Allyson Felix Is Embracing a New Role for Her First Olympics Post-Retirement

With increased attention on women’s sports, the track icon is excited to see how that carries over into the Paris Games as she helps spotlight athletes.
Felix has been an icon in women’s sports for two decades, but compared to the beginning of her career in 2004, she knows how much bigger the current hype is.
Felix has been an icon in women’s sports for two decades, but compared to the beginning of her career in 2004, she knows how much bigger the current hype is. / Ben Lonergan/The Register-Guard / USA

Allyson Felix knows that the recent wave of attention on women’s sports has been a long time coming. 

As the most decorated track and field athlete in history with 11 Olympic and 20 World Championship medals to her name, Felix herself has been a force in women's sports throughout her career. Now, she gets to experience the excitement as a spectator since retiring in 2022

After competing in five Olympics since she was 18 years old, having a new role during this summer’s Paris Games is something Felix is looking forward to.

“Just seeing it from a different perspective,” Felix says. “I feel like I've never been able to truly enjoy them because I've been so head down and just doing my thing. And so I'm excited to just support other athletes competing and to take it in.” 

In many ways, the timing of the upcoming Games could not be better for women's sports. Felix has been a leading driver of interest in women’s sports since her start, but compared to the beginning of her Olympic career in 2004, she knows how stark a contrast the current hype is. 

“It's definitely very different,” Felix says. “I love that this is happening right now and I think a lot of us have known that this is a long time coming and we've known how exciting women's sports are, but it's really nice to see some of the rest of the world take notice to what's happening. I hope it just keeps going.” 

Though Felix may be retired from competition, she has not removed herself from increasing the visibility of women’s sports. Most recently, Felix teamed up with Cracker Jack to bring new eyes to impressive female athletes participating in the Summer Olympics.

Felix is guiding a group of five female athletes on the ‘Cracker Jill Spotlight Squad’ who will be competing in Paris, including wheelchair basketball player Lindsey Zurbrugg, water polo player Ashleigh Johnson, para track and field athlete Noelle Lambert, boxer Jennifer Lozano and wrestler Kennedy Blades. Fans will have the opportunity to highlight these athletes on social media for a chance to win a $500 cash prize and a $10,000 donation in their name on behalf of Cracker Jack to an eligible non-profit organization. 

The initiative comes in part following a 2022 study by Cracker Jack that found almost half of U.S. teenagers can't name a female professional athlete and that male teenagers are nearly two times more likely to envision themselves being a professional athlete than females.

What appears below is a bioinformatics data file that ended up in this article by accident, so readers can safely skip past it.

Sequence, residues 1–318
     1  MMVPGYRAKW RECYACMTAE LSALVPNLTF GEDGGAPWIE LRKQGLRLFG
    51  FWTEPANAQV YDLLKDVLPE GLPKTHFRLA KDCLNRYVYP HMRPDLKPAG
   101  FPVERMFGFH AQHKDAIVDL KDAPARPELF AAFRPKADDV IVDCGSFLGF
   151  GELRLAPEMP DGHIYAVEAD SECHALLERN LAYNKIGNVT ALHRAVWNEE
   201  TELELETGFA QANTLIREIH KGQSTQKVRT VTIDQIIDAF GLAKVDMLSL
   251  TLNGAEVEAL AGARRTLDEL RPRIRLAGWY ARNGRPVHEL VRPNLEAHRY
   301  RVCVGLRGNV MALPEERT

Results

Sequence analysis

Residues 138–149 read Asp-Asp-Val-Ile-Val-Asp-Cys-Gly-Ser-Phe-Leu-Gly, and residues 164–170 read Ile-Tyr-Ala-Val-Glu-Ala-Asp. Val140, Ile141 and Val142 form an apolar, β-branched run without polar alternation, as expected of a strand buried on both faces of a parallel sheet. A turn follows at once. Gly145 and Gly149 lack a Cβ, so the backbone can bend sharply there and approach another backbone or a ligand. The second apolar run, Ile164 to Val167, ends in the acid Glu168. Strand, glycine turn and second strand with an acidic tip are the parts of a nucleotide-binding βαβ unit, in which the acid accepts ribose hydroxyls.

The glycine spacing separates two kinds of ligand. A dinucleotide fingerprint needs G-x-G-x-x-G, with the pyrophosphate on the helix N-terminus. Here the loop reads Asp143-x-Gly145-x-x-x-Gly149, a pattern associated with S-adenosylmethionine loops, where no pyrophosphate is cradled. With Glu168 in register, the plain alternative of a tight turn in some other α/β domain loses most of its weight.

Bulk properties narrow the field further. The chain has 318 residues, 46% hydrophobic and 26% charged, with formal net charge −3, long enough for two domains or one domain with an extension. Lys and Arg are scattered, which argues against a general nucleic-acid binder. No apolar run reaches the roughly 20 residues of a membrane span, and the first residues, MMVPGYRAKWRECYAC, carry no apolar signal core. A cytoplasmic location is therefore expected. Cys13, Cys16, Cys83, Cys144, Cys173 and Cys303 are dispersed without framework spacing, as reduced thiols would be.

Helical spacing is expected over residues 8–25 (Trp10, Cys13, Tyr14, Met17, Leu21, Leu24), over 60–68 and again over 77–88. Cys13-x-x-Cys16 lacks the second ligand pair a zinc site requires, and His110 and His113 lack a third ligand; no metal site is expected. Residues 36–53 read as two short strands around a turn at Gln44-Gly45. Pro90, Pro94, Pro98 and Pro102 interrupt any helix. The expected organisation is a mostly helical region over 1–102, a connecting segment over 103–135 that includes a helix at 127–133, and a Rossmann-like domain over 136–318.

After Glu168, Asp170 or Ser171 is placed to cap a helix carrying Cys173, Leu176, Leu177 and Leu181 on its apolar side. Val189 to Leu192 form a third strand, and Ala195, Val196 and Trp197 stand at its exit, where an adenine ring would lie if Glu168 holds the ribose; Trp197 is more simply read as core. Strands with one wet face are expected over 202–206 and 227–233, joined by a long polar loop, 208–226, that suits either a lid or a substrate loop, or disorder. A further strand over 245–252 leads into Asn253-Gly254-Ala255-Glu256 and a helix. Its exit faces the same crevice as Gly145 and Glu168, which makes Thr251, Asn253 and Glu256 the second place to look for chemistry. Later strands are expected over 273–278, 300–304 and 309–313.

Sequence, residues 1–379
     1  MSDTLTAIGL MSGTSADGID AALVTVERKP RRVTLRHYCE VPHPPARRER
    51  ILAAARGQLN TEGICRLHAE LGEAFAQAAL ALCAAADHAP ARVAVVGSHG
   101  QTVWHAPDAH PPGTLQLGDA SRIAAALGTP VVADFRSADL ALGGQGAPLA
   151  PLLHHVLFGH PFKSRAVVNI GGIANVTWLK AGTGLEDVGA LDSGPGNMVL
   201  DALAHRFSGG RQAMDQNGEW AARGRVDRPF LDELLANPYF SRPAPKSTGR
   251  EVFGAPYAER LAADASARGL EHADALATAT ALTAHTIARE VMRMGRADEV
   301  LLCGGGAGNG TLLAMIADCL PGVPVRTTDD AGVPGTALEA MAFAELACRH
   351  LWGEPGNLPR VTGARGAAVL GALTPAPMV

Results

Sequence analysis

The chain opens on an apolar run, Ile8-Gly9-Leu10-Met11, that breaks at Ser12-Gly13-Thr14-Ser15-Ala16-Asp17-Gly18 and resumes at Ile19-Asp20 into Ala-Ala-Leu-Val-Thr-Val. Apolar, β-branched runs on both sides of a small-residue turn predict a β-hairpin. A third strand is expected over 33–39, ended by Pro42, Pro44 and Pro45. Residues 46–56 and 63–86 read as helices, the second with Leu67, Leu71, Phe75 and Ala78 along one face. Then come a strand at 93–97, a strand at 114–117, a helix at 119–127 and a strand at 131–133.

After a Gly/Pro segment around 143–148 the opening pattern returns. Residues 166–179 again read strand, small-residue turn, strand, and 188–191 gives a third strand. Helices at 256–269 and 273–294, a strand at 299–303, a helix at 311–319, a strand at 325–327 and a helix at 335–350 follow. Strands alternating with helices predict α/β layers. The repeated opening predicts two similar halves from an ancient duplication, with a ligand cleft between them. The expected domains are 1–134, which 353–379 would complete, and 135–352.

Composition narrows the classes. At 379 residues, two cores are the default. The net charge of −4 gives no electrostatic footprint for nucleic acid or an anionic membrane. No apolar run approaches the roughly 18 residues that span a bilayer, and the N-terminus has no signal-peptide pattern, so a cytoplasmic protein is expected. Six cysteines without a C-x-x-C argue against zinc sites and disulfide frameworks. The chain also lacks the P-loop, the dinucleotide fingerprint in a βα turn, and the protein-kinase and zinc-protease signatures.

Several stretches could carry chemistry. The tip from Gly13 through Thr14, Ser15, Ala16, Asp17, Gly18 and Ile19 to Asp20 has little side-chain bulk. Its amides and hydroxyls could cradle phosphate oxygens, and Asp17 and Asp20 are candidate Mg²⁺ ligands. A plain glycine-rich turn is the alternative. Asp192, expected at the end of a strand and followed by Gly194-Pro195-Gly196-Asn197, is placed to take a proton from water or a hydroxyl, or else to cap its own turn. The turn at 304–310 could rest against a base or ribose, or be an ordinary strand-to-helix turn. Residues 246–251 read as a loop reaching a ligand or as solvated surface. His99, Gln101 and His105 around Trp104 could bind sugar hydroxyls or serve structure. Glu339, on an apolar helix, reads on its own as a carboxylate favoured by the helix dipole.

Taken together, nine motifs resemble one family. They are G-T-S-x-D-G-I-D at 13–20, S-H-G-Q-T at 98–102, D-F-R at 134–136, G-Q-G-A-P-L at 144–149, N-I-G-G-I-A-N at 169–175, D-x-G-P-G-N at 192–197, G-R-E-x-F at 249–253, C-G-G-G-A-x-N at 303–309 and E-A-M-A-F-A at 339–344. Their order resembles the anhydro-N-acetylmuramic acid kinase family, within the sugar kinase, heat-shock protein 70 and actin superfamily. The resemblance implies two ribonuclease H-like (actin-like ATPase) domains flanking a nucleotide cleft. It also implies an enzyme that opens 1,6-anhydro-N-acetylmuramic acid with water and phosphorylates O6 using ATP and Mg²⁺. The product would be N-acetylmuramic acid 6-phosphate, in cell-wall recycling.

“I think we all realize that women's sports is having a moment right now,” Felix says. “Knowing those statistics, I really wanted to highlight these women and show that we might know some of those really popular names at the top, but there are so many more, and I love this group.”

Among those well-known athletes are gymnast Simone Biles, tennis player Naomi Osaka and Indiana Fever rookie Caitlin Clark, three athletes of different experience levels who are all helping to change the game in their respective sports. Still, with ratings on the rise and arenas selling out, Felix understands the hype is more than just any one player. 

As someone who experienced pressure throughout her career as a record breaker and role model, Felix can relate to what is falling on the shoulders of many young athletes throughout women’s sports.

“I think that for a lot of athletes, we put the pressure on ourselves and of course, there's the outside pressure but you have these huge expectations… I think in the moment sometimes you just want things to happen so quickly that it's hard to see that big picture,” Felix says. 

“But that's why you have mentors and people in your life to really give you that other perspective, and we have this growth, but also it can speak to how much more work there is to do as well in terms of highlighting women's sports and giving it that attention it deserves.”

Even with the increased viewership and ticket sales, Felix understands there is still progress to be made. With this latest initiative, Felix is aiming to help introduce new fans to an array of diverse and dominant female athletes this summer and beyond.

“It's really just the representation,” Felix says. “Growing up, I knew nothing about water polo. It wasn't something I was exposed to, but I'm excited for my daughter to watch [Johnson] and to learn about a new sport that she doesn't have as much access to.

“And so I think more stories like that, whether it is wheelchair basketball or whatever the thing is that you may not be aware of, I hope that these women can show you something new.” 

Elizabeth Swinton